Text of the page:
"We Are Only At The Beginning": Why SocGen Expects A 50% Drop
As we discussed in our year-end review, despite all the complaints and panicked rhetoric, it wasn't so much 2018 that was painfully volatile year - it is 2017 that was an unprecedented case study in market calm; a year when the MSCI World index experienced just three days of market moves of 1% or more in either direction.
And, as SocGen's Andrew Lapthorne writes this morning, "it was this unusually low volatility in 2017 that helped contribute to the market difficulties in 2018" as traders tried - and failed - to shift from a placid market to one that increasingly reflected the risks of the day.
The SocGen strategist then lays out some facts about market performance last year, noting that overall the MSCI World finished the year down 10.4% with a negative total return of 8.2%, beginning its slide almost at the beginning of the year, with Emerging Markets fell 16.6% with a total return of -14.2%, with most equity markets losing similar amounts. The exception, according to Lapthorne was the US, "which ended the year in dramatic fashion", with the S&P 500 having its worst December (-9.2%) since its inception in 1957 despite a massive 5% daily surge on the 26th December. To be sure, while the S&P finished the year down just 6.2% and the Nasdaq ended down just 3.9%, it could have been far worse.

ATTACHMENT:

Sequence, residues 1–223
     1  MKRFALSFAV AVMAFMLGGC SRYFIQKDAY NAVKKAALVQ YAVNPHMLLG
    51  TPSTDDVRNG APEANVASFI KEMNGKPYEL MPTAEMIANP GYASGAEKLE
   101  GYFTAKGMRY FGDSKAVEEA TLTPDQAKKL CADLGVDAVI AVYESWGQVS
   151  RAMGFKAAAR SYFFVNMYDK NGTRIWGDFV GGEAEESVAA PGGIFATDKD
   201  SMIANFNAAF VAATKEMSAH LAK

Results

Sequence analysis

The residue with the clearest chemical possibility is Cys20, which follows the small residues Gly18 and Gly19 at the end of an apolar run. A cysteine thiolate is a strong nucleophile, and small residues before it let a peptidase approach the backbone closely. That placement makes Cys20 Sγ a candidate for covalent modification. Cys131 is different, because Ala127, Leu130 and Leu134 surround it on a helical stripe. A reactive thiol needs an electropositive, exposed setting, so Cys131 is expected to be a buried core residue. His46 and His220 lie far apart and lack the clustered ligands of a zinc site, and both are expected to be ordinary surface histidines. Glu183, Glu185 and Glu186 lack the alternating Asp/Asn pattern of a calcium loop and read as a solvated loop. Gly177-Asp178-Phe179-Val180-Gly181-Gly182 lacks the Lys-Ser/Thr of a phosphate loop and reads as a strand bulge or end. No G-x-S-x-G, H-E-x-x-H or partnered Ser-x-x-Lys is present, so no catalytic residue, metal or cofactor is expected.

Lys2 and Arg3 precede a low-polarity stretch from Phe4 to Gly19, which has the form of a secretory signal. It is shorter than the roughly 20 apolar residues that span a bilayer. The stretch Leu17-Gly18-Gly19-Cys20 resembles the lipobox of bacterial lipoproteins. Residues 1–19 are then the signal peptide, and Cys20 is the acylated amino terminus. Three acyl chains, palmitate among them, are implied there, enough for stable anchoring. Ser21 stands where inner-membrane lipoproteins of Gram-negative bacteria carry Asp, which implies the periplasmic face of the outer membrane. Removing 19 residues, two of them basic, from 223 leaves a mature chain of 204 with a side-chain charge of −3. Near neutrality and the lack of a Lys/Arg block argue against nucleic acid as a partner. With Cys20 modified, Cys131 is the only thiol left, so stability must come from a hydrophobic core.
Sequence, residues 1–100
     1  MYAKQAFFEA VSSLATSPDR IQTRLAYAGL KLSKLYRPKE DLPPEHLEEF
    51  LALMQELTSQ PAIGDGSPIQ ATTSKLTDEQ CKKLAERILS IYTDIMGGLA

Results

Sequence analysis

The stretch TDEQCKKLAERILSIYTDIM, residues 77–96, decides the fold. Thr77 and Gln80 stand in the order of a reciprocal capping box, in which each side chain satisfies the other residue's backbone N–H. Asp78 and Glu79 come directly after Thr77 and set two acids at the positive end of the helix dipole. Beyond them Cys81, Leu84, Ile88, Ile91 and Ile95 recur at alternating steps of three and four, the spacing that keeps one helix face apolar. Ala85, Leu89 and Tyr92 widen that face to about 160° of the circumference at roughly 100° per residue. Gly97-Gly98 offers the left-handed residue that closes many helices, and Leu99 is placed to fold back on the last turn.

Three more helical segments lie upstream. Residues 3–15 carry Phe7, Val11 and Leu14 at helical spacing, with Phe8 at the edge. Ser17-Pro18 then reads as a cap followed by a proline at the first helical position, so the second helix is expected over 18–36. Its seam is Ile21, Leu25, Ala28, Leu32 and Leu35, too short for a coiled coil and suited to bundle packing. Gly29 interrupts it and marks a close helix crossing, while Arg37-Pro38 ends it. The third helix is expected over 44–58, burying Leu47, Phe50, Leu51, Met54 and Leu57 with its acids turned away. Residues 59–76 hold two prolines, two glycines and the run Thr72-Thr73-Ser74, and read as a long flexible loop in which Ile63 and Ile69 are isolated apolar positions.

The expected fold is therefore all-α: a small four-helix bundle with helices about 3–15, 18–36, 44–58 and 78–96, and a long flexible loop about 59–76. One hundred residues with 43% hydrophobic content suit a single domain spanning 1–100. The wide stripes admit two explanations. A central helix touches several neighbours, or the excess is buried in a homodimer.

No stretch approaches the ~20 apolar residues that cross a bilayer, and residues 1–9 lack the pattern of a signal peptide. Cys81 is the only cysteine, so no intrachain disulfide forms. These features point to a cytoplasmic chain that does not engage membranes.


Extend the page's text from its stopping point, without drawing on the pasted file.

Meanwhile, as we showed yesterday, outside the US it was mostly a very ugly year, with double-digit losses were common and several indices including Germany and Japan are in bear market territory (the two outliers were, curiously, the UAE and Saudi Arabia).
Taking an even bigger step back, and looking at an interval of two decades, Lapthorne writes that some index returns are "downright embarrassing:"
MSCI Eurozone for example first passed its current price level in July 1998! For many equity investors compounding dividends has been their only return over the last 10 and 20 years!
Which brings us to the core question of Lapthorne's note today: where does the market stand today, to which he has an ominous response: "despite all the despairing headlines and disappointing returns seen last year, it looks like we are only at the beginning of the sell-off."